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|Part of the Sengoku period|
Incident at Honnō-ji, Meiji-era print
|Oda forces under Akechi Mitsuhide's command||Inhabitants and garrison of Honnō-ji, courtiers, merchants, artists, and servants of Oda Nobunaga|
|Commanders and leaders|
|13,000||Nobunaga, Nobutada, Mori Ranmaru, a handful of other Oda retainers, and the small garrison of Kyoto 70|
|Casualties and losses|
|Unknown, presumably minimal||Oda Nobunaga, Mori Ranmaru, Oda Nobutada, and many others|
The Honnō-ji Incident (本能寺の変, Honnō-ji no Hen) was the death place of Oda Nobunaga, where he committed seppuku at the Honnō-ji temple in Kyoto on 21 June 1582. Nobunaga was betrayed by his general Akechi Mitsuhide during his campaign to consolidate centralized power in Japan under his authority. Mitsuhide ambushed the unprotected Nobunaga at Honnō-ji and his eldest son Oda Nobutada at Nijō Palace, which resulted in both committing seppuku. Nobunaga was avenged by his retainer Toyotomi Hideyoshi, who defeated Mitsuhide in the Battle of Yamazaki, paving the way for Hideyoshi's supremacy over Japan.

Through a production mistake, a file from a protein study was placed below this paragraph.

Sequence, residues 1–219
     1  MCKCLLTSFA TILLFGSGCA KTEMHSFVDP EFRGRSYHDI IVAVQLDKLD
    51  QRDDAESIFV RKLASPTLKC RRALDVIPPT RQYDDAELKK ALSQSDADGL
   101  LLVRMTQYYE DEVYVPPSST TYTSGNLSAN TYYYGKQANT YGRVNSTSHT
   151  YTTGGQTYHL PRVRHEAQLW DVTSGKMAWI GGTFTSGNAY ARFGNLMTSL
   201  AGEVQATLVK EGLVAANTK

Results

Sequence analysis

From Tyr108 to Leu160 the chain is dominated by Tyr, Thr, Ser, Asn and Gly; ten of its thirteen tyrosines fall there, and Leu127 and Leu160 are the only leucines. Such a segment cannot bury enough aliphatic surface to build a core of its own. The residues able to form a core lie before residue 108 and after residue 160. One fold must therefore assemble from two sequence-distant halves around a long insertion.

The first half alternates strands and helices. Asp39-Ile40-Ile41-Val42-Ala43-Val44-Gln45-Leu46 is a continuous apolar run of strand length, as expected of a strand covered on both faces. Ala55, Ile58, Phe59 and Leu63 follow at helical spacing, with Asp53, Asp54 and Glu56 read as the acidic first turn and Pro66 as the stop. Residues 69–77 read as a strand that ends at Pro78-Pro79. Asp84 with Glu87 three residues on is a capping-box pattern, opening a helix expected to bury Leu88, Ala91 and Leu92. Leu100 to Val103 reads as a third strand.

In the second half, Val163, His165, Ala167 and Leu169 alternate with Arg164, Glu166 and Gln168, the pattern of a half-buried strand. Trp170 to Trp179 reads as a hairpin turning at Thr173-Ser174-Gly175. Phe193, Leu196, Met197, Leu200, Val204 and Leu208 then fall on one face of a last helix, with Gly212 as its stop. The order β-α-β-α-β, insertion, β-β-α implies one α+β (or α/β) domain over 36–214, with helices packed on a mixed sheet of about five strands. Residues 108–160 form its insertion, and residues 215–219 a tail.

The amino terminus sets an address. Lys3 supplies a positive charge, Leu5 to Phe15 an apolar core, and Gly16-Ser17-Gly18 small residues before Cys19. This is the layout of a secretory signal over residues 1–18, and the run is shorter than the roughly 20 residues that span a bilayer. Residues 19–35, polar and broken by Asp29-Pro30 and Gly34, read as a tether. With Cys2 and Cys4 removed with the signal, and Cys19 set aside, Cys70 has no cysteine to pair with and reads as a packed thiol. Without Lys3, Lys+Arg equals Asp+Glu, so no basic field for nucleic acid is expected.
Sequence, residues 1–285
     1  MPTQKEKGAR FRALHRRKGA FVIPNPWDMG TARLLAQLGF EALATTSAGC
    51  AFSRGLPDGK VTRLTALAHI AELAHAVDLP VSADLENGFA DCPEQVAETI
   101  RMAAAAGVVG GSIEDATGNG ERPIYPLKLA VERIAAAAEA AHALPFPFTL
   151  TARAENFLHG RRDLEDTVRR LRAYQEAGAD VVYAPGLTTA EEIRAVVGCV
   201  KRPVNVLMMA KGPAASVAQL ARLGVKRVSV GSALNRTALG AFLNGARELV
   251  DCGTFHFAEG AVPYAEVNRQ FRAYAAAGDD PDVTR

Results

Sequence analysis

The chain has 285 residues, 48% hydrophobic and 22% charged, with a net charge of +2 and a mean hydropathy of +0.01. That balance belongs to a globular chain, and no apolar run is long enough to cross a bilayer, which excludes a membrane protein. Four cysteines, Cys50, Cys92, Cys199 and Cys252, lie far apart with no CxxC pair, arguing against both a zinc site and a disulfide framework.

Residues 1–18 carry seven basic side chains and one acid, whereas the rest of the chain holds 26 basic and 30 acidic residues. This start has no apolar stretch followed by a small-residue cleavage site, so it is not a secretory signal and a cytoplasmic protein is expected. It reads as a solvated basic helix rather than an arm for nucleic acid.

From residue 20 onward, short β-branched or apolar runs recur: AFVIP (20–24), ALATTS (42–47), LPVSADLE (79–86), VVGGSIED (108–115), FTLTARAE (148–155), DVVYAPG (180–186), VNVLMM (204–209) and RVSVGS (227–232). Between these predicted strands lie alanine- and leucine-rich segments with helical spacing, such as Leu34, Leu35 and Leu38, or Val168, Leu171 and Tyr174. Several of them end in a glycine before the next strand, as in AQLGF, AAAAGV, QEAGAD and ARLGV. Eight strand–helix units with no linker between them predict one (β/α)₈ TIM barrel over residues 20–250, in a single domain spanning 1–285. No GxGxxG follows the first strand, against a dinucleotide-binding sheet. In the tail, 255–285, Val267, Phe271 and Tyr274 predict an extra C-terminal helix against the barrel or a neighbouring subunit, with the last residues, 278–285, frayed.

Mitsuhide's motive for assassinating Nobunaga is unknown and there are multiple theories for his betrayal.
By 1582, Oda Nobunaga was at the height of his power as the most powerful daimyō in Japan during his campaign of unification under his authority. Nobunaga had destroyed the Takeda clan earlier that year at the Battle of Tenmokuzan and had central Japan firmly under his control, with his only rivals, the Mōri clan, the Uesugi clan, and the Hōjō clan, each weakened by internal affairs. After the death of Mōri Motonari, his grandson Terumoto strove only to maintain the status quo, aided by his two uncles, as per Motonari's will. Hōjō Ujiyasu, a renowned strategist and domestic manager, had also died, leaving his less prominent son Ujimasa in place. Finally, the death of Uesugi Kenshin left the Uesugi clan, devastated also by an internal conflict between his two adopted sons, weaker than before.